Temporal recognition of sperm autoantigens by IgM and IgG autoantibodies after vasectomy and vasovasostomy

Charles J. Flickinger, Stuart S. Howards, Leigh Ann Bush, Linda A. Baker, John C. Herr

Research output: Contribution to journalArticle

18 Citations (Scopus)

Abstract

Temporal patterns of IgM and IgG autoantibodies to sperm proteins were studied by western blot analysis at intervals after bilateral vasectomy, vasectomy followed one month later by vasovasostomy, or sham operations. Responses were detected to eight major autoantigens at 21-23, 36, 41, 51, 57, 63, 68-71 and 75-83 kDa, by study of staining patterns of sequential serum samples from individual animals and by analysis of the incidence of reaction to each protein. The four lower molecular weight antigens (21-23, 36, 41 and 51 kDa) provoked mainly IgG responses. The strongly stained set of higher molecular weight antigens (57, 63, 68-71 and 75-83 kDa) tended to show more clearly defined temporal patterns of IgM followed by IgG response, including a high incidence of IgM antibody at the 2-week interval. Three of the larger peptides (57, 63 and 68-71 kDa) appeared highly immunogenic, since some reactions were detected even in sham-operated rats. The classical patterns of IgM and IgG antibody responses to the majority of the dominant sperm autoantigens are in accord with the hypothesis that vasectomy mimics immunization with spermatozoa. The high incidence of IgM antibodies in the earliest sample, taken 2 weeks after vasectomy, suggests that the initial immunizing event takes place within about a week after the operation. Vasovasostomy did not bring about a decrease in antisperm antibodies. Instead, some animals demonstrated an increased reaction to certain antigens after reversal of vasectomy, even though the vasovasostomies were anatomically successful.

Original languageEnglish (US)
Pages (from-to)135-150
Number of pages16
JournalJournal of Reproductive Immunology
Volume27
Issue number2
DOIs
StatePublished - 1994

Fingerprint

Vasovasostomy
Vasectomy
Autoantigens
Autoantibodies
Immunoglobulin M
Spermatozoa
Immunoglobulin G
Antigens
Antibodies
Incidence
Molecular Weight
Antibody Formation
Immunization
Proteins
Western Blotting
Staining and Labeling
Peptides
Serum

Keywords

  • Antisperm antibodies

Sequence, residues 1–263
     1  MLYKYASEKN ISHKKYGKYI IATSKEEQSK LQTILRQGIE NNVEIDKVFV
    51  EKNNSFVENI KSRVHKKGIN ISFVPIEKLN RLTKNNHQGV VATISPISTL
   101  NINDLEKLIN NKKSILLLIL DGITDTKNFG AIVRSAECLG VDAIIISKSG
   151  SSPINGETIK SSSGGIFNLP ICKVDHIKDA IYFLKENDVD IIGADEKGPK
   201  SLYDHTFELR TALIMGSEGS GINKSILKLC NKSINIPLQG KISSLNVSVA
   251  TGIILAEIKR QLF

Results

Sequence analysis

• Autoantibodies
  • Sperm autoantigen
  • Vasectomy
  • Vasovasostomy

ASJC Scopus subject areas

  • Immunology
  • Reproductive Medicine

Cite this

Temporal recognition of sperm autoantigens by IgM and IgG autoantibodies after vasectomy and vasovasostomy. / Flickinger, Charles J.; Howards, Stuart S.; Bush, Leigh Ann; Baker, Linda A.; Herr, John C.

In: Journal of Reproductive Immunology, Vol. 27, No. 2, 1994, p. 135-150.

Research output: Contribution to journalArticle

Flickinger, Charles J. ; Howards, Stuart S. ; Bush, Leigh Ann ; Baker, Linda A. ; Herr, John C. / Temporal recognition of sperm autoantigens by IgM and IgG autoantibodies after vasectomy and vasovasostomy. In: Journal of Reproductive Immunology. 1994 ; Vol. 27, No. 2. pp. 135-150.
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abstract = "Temporal patterns of IgM and IgG autoantibodies to sperm proteins were studied by western blot analysis at intervals after bilateral vasectomy, vasectomy followed one month later by vasovasostomy, or sham operations. Responses were detected to eight major autoantigens at 21-23, 36, 41, 51, 57, 63, 68-71 and 75-83 kDa, by study of staining patterns of sequential serum samples from individual animals and by analysis of the incidence of reaction to each protein. The four lower molecular weight antigens (21-23, 36, 41 and 51 kDa) provoked mainly IgG responses. The strongly stained set of higher molecular weight antigens (57, 63, 68-71 and 75-83 kDa) tended to show more clearly defined temporal patterns of IgM followed by IgG response, including a high incidence of IgM antibody at the 2-week interval. Three of the larger peptides (57, 63 and 68-71 kDa) appeared highly immunogenic, since some reactions were detected even in sham-operated rats. The classical patterns of IgM and IgG antibody responses to the majority of the dominant sperm autoantigens are in accord with the hypothesis that vasectomy mimics immunization with spermatozoa. The high incidence of IgM antibodies in the earliest sample, taken 2 weeks after vasectomy, suggests that the initial immunizing event takes place within about a week after the operation. Vasovasostomy did not bring about a decrease in antisperm antibodies. Instead, some animals demonstrated an increased reaction to certain antigens after reversal of vasectomy, even though the vasovasostomies were anatomically successful.",
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